I wouldn’t like to build my retirement on cash, given today’s near-zero returns. But FTSE 100 stocks look much more tempting. Although dozens have scrapped or suspended their dividends this year, plenty are standing by their shareholder payouts.
Dividend stocks are so attractive because they don’t just give you a regular income, but a rising income, as companies aim to increase their payouts over time. This will help your spending power keep up with inflation. By contrast, money held in cash is likely to erode in real terms. The following two FTSE 100 utility company stocks look dependable income bets for my portfolio.
Water and wastewater specialist United Utilities Group (LSE: UU) offers plenty of buoyancy, despite the stock market storms in March. This FTSE 100 stock now trades 5.4% higher than a year ago, against a drop of 15% across the index as a whole.
Shun cash to buy UK shares
This week, it increased its dividend despite a 16% fall in first-half underlying profit after tax to £174m. The profit drop was due to new price controls and increased infrastructure spending. Covid-19 may have an impact if customers will struggle to pay their bills and bad debts rise. This hasn’t happened yet, but 2021 is likely to be the crunch year. Management still believes existing provisions are enough though.
Crucially for those buying FTSE 100 stocks to generate a passive income in retirement, the board increased the dividend by 1.5%. This is in line with its policy of increasing shareholder payout each year, in line with the CPIH inflation measurement.
Right now, United Utilities yields 4.4%, covered 1.5 times by earnings. That’s far more than I could dream of getting on cash. Naturally, shares are riskier than leaving money in the bank, but United Utilities is relatively safe as FTSE 100 stocks go. A P/E valuation of 14.5 times earnings looks tempting to me.
Sticking with the theme, I’d also include water utility and waste management specialist Pennon Group (LSE: PNN) in my passive income portfolio. Again, this FTSE 100 stock escaped the worst of the March crash and trades around 3.5% higher than a year ago.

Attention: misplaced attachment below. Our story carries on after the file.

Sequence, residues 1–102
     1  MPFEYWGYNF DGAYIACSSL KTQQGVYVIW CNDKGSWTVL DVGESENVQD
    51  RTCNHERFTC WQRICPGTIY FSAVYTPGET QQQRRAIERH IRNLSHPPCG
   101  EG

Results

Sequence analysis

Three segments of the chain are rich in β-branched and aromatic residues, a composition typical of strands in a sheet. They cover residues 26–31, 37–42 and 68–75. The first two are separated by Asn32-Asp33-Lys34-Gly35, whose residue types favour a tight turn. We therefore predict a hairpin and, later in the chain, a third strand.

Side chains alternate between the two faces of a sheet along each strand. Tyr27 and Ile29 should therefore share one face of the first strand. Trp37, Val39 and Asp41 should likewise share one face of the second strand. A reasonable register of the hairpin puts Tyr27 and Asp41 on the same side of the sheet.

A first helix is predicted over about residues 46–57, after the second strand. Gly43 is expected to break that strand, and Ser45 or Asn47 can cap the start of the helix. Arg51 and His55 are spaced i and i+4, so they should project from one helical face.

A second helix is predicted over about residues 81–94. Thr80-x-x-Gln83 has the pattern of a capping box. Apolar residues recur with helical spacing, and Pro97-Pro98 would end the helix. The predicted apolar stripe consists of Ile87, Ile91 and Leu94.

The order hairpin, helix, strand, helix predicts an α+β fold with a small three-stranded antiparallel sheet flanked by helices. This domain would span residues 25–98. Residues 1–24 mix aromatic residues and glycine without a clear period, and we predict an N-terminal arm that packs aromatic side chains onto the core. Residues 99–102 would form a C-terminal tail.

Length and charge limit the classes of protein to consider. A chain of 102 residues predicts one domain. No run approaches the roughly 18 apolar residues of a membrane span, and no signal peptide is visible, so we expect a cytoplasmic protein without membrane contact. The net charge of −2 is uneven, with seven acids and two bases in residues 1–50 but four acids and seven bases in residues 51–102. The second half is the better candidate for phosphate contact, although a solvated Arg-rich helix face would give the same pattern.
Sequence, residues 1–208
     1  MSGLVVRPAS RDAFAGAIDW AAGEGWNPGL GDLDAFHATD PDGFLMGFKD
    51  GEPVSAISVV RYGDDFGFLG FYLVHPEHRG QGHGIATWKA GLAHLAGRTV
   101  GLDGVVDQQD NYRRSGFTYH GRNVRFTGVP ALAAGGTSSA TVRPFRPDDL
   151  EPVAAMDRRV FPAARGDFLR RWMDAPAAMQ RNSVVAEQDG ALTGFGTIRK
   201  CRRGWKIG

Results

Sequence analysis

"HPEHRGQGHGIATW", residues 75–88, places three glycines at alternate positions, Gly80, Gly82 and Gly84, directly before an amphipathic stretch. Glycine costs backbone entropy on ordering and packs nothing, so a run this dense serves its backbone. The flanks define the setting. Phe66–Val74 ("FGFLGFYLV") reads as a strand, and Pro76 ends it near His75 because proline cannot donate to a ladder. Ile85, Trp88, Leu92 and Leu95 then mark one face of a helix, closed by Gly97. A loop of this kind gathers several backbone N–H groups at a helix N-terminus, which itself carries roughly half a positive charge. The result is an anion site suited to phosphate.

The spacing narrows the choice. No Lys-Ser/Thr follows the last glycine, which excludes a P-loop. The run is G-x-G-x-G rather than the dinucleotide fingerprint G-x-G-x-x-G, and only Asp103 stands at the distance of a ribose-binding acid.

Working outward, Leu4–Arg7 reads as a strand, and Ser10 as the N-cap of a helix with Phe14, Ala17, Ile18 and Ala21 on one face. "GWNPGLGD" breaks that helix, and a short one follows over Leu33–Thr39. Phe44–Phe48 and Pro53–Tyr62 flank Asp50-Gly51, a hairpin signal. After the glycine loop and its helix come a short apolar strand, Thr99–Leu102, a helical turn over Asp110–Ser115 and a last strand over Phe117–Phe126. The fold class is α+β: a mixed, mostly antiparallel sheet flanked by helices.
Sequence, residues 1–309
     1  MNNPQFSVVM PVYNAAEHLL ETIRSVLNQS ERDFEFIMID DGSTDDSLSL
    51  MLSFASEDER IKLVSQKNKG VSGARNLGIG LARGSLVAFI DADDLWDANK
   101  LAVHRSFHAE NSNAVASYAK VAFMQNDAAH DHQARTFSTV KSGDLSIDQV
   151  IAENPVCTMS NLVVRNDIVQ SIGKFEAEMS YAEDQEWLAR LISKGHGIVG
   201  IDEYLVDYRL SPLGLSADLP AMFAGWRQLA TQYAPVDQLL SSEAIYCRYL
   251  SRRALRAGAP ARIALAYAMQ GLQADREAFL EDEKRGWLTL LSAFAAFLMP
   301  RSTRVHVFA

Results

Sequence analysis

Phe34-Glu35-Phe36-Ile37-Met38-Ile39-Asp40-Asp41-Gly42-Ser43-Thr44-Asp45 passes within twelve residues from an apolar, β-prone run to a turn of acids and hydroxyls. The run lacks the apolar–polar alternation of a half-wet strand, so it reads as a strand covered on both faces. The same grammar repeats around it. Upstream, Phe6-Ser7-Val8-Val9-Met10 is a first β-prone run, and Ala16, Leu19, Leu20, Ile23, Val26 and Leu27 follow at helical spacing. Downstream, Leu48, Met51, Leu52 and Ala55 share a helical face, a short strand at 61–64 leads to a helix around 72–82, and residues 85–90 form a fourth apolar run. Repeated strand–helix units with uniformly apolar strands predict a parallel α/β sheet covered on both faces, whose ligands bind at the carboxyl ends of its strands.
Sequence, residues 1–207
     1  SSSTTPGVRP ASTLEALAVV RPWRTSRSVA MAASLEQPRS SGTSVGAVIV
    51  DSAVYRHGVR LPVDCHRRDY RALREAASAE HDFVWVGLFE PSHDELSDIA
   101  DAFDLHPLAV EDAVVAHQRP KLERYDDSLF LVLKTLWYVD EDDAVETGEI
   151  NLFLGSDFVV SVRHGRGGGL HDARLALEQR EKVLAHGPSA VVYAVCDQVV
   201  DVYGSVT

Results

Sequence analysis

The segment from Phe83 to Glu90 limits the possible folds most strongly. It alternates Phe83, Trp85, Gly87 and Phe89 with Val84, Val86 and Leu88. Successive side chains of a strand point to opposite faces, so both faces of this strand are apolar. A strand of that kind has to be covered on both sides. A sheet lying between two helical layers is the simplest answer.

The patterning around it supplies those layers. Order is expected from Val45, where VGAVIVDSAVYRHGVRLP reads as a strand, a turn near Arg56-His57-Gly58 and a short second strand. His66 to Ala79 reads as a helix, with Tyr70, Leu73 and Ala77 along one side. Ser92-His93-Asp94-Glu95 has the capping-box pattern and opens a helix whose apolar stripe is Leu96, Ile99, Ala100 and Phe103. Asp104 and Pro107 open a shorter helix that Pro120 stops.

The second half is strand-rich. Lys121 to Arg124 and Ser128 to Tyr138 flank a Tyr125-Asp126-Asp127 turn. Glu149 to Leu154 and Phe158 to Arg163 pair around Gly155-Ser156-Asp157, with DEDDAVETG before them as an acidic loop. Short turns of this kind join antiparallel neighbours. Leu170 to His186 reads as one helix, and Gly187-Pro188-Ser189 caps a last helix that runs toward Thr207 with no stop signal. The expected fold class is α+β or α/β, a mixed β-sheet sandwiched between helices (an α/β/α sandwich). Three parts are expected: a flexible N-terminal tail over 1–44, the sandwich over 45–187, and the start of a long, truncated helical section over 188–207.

I’d buy FTSE 100 stocks for income
Pennon has just announced a 14.5% drop in half-year underlying pre-tax profits, to £86.7m. This was expected, as business customers used less water during the lockdown. It’s now flushed with cash after receiving £3.7bn from the disposal of Viridor. The money will allow it to pay down debt, top up its pension scheme, and still have £2.7bn in the coffers.
The downside of the Viridor sale is that Pennon is now dependent on its South West Water business to fund dividends. The yield is forecast will fall from 4.5% to 2.1%, although it will continue to be increased by CPIH plus 2%.
So what will it do with the cash? Buying Southern Water is one option and that would boost dividends. The other is directly returning spare cash to shareholders. Given the uncertainty, of these two FTSE 100 stocks, I’d rather buy United Utilities today. But I’m keeping a close watch on Pennon.
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Harvey Jones has no position in any of the shares mentioned. The Motley Fool UK has recommended Pennon Group. Views expressed on the companies mentioned in this article are those of the writer and therefore may differ from the official recommendations we make in our subscription services such as Share Advisor, Hidden Winners and Pro. Here at The Motley Fool we believe that considering a diverse range of insights makes us better investors.